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The Trading Power, Part I: A Decade of Fastest Development

By Li Zhenyu (People's Daily Online)

10:16, November 09, 2012

The past 10 years marks a golden decade of development in China's foreign trade

After joining the WTO, China has grown to become a trading power. (File Photo)

Since the 16th CPC National Congress, the golden decade has witnessed China's fastest growth in its trading history and the emergence of a new trading power.

An Electrifying Trading Power

"China has delivered an 'A-plus performance' since it joined the World Trade Organization (WTO) in 2001," the WTO Director General Pascal Lamy remarked.

Having embraced the WTO rules, China has successfully integrated with the world and grown to become the world's largest exporter and second largest importer.

Over the past decade, China has abolished, revised and adopted over 3,000 laws, regulations and department rules, fulfilled its commitments to the WTO in tariff and non-tariff areas, and eased its restrictions on foreign rivals to further open its markets to the world.

Currently, China's overall tariff level is the lowest among all developing nations, and its average tariff level has been lowered from over 15 percent ten years ago to below 10 percent, according to China's Ministry of Commerce.

The former U.S. trade representative Charlene Barshefsky once commented that China made the WTO a more complete system and became an important engine driving the global economic recovery.

"After joining the WTO 10 years ago, China has registered the fastest development since the founding of the People's Republic of China," said China's ambassador to the WTO Yi Xiaozhun.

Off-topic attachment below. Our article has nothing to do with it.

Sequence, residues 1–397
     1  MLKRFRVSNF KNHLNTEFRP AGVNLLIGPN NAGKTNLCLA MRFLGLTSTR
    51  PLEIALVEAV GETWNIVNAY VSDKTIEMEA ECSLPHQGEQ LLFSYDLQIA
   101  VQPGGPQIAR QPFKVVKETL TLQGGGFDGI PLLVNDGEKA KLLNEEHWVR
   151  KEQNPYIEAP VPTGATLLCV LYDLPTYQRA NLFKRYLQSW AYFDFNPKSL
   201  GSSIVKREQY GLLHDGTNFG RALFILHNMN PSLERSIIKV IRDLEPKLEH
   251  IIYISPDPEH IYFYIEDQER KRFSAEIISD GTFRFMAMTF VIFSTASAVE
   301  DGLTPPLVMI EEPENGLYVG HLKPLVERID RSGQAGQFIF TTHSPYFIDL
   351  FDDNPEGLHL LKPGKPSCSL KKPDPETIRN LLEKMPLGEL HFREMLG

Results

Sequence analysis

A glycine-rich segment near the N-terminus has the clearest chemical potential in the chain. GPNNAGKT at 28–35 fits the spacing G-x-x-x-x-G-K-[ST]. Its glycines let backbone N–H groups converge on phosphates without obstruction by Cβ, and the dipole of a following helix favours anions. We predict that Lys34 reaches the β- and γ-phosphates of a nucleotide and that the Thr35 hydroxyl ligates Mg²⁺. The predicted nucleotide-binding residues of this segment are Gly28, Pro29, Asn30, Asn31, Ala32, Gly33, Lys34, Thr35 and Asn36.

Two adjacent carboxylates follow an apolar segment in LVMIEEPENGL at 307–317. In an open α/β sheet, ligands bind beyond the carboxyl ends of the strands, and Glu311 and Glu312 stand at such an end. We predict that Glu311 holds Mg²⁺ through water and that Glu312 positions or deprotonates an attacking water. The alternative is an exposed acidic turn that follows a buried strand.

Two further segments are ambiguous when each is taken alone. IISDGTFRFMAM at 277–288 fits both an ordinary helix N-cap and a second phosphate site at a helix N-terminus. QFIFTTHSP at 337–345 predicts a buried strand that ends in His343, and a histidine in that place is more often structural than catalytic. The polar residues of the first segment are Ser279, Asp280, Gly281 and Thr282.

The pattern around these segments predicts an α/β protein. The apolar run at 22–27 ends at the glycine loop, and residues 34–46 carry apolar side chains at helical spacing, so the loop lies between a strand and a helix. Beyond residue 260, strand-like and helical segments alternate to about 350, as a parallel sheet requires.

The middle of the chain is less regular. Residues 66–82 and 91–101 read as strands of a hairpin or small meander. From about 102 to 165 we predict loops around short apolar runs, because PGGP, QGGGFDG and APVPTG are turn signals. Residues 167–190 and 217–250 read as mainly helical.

Both the nation's import and export volumes have increased by nearly five-fold and achieved an average annual growth rate of above 20 percent during the past decade.

From 2002 to 2011, China's total value of imports increased from $295 billion in 2002 to $1.8 trillion in 2011, an increase of about five times, realizing an average annual growth rate of 21.6 percent.

The country's share in global total imports rose from only 4 percent in 2002 to nearly 10 percent in 2011, with its imports scale ascending from the sixth place in 2002 to the second in 2009.

Since then, China has remained the world's second largest importer, only next to the United States.

In terms of exports, China's total export value grew about five times from $326 billion in 2002 to $1.9 trillion in 2011, with an average annual growth rate of above 21 percent. The country's share in global total exports rose from only 5 percent in 2002 to 10 percent in 2011.

In global export rankings, China rose from the fourth place in 2002 to the No.1 spot in 2009, overtaking Germany as the world's largest exporter, and has maintained that position ever since.

With China's total trade volume growing to become the second largest in the world and its current share of global trade accounting for the largest at 10.6 percent, a new trading power has emerged.

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